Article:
Arthritis & Rheumatism, Volume 62,
November 2010 Abstract Supplement

Abstracts of the American College of
Rheumatology/Association of Rheumatology Health Professionals
Annual Scientific Meeting
Atlanta, Georgia November 6-11, 2010.


The Effects of Manzamine A on Rheumatoid Arthritis Synoviocyte Cytokine Secretion.

Chong1,  Kyle, Klosowska1,  Karolina, Woods2,  James M.

Midwestern University, Downers Grove, IL
Midwestern University

Purpose:

Manzamine A (MZA) is a marine alkaloid isolated from sponges on the ocean floor known to have anti-inflammatory properties on activated macrophages. The complete synthesis of this complex compound has recently been reported. Rheumatoid Arthritis (RA) is characterized by increased production of pro-inflammatory cytokines by a variety of synovial cells found in the synovial tissue (ST) including fibroblast-like synoviocytes (FLS). We hypothesized that MZA would decrease the levels of pro-inflammatory cytokines secreted by RA cell types.

Methods:

RA FLS and RA synovial tissue (ST) explants collected from patients with IRB approval were treated with MZA (10 mM, 1 mM, 0.1 mM, 0.05 mM, and 0.01 mM MZA) or vehicle control, to observe for alterations in pro-inflammatory cytokine production and to observe any cytotoxic effects. Condition media (CM), with or without IL-1b stimulation was collected at various time points. Toxicity was determined using trypan blue exclusion while cytokine levels were analyzed using antibody microarrays and ELISAs.

Results:

Toxicity studies on RA FLS suggest that concentrations of 10 mM, 1.0 mM and 0.1 mM MZA had no toxic effects after 24 hours of incubation. However, after 48 and 72 hours, the 10 mM and 1.0 mM MZA concentrations appear to significantly decrease FLS viability. Using an antibody microarray, 24 hour CM with 10 mM MZA appeared to decrease the production of several pro-inflammatory mediators in both RA FLS and RA ST. Proteins decreased include monocyte chemoattractant protein (MCP)-1 (CCL2), interleukin (IL)-8 (CXCL8), growth related oncogene (Gro)-a (CXCL1), regulated on activation of normal T cell expressed and secreted (RANTES/CCL5), IL-6, and epithelial neutrophil activating peptide (ENA)-78 (CXCL5). To confirm data obtained from the cytokine microarray analysis, the level of protein expression was further examined by ELISA. At 24 hours, 10 mM, 1.0 mM and 0.1 mM MZA significantly decreased the production of MCP-1 by 57%, 37 % and 44% respectively (n=5; p<0.05). Additionally 0.1 mM MZA decreased MCP-1 by 43% at 48 hours (n=5; p<0.05). MCP-1 production, when stimulated with IL-1b, was significantly decrease with 10 mM, 1.0 mM, 0.1 mM, 0.05 mM and 0.01 mM MZA by 87%, 84%, 57%, 62%, and 67%, respectively, at 24 hours (n=5; p<0.05). RANTES production was significantly decreased with 10 mM and 1.0 mM MZA by 79% and 69%, respectively, at 24 hours, and also by 54% with 0.1 mM MZA at 72 hours (n=5; p<0.05). IL-1b stimulated RANTES production was significantly decreased with 10 mM and 1.0 mM MZA by 86% and 75%, respectively, at 24 hours, and also by 59% with 0.1 mM MZA after 72 hours (n=5; p<0.05). Also, IL-1b stimulated Gro-a production was significantly decreased by 0.01 mM MZA by 26% after 24 hours (n=5; p<0.05).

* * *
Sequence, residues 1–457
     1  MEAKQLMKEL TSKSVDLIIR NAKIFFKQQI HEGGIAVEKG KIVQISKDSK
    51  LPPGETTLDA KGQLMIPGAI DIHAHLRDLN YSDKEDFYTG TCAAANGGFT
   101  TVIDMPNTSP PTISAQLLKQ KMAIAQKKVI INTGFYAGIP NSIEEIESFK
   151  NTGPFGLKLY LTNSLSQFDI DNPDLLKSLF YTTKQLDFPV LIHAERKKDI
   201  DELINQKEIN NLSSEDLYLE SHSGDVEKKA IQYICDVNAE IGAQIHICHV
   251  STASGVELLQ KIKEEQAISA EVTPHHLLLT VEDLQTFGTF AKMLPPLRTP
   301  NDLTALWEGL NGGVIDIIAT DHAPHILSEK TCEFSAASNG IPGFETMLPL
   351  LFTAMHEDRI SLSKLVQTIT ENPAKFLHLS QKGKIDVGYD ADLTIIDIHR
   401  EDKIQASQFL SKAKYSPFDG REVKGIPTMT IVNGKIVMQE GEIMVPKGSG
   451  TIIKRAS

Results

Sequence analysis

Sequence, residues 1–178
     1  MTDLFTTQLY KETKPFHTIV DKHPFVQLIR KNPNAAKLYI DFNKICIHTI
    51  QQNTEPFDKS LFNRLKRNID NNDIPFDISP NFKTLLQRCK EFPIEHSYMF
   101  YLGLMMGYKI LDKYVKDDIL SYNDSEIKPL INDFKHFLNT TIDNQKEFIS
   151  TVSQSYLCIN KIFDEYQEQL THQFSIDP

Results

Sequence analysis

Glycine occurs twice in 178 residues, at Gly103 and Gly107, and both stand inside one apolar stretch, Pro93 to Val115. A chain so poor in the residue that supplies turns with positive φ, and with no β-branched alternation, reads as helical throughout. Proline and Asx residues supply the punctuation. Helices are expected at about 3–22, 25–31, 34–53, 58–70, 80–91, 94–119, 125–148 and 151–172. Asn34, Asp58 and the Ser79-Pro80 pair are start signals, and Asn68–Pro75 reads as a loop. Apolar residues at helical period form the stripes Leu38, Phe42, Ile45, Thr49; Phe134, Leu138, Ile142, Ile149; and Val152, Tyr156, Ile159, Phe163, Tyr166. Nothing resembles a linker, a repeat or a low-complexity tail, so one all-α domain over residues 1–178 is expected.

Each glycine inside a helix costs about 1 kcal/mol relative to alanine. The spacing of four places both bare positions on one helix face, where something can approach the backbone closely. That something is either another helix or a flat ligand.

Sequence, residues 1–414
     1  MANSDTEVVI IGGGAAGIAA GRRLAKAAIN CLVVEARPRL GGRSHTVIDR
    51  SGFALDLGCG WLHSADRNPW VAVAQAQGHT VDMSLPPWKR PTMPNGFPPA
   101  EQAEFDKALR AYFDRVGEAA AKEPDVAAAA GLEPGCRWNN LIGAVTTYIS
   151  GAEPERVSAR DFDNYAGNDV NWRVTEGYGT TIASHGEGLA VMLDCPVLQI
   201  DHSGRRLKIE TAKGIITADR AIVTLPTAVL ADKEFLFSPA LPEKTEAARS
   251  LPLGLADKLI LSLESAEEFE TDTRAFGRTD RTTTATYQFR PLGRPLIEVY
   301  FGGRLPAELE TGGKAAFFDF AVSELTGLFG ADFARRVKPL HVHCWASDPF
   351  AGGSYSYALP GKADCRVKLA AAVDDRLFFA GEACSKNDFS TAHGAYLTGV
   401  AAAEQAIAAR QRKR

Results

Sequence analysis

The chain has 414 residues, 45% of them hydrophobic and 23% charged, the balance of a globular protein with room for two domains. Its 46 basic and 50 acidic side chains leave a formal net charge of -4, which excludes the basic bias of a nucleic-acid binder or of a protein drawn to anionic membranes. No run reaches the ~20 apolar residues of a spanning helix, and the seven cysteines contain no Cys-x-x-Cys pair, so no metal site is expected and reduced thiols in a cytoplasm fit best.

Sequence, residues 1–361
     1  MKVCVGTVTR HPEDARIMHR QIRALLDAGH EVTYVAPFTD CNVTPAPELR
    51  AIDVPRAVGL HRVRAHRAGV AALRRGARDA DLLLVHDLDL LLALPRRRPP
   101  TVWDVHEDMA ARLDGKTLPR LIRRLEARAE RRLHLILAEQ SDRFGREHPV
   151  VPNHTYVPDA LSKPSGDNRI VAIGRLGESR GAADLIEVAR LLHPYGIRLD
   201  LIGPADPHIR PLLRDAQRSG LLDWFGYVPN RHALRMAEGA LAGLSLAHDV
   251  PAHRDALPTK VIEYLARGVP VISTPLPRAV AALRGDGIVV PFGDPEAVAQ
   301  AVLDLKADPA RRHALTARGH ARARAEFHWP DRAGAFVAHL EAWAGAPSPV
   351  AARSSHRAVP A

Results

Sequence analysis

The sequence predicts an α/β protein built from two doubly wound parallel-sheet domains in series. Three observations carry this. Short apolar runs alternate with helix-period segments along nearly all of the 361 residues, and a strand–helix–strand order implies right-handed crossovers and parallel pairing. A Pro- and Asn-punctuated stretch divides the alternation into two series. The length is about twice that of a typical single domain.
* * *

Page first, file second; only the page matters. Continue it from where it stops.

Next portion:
Conclusions:

While some concentrations of MZA applied appeared toxic to RA FLS, we identified a number of significant effects of MZA at non-toxic concentrations and time points. Our data suggest that MZA decreases RA-associated inflammation by reducing pro-inflammatory cytokines and appears to have solid pharmacological potential to serve as a novel therapeutic in RA therapy.

To cite this abstract, please use the following information:
Chong, Kyle, Klosowska, Karolina, Woods, James M.; The Effects of Manzamine A on Rheumatoid Arthritis Synoviocyte Cytokine Secretion. [abstract]. Arthritis Rheum 2010;62 Suppl 10 :1131
DOI: 10.1002/art.28898

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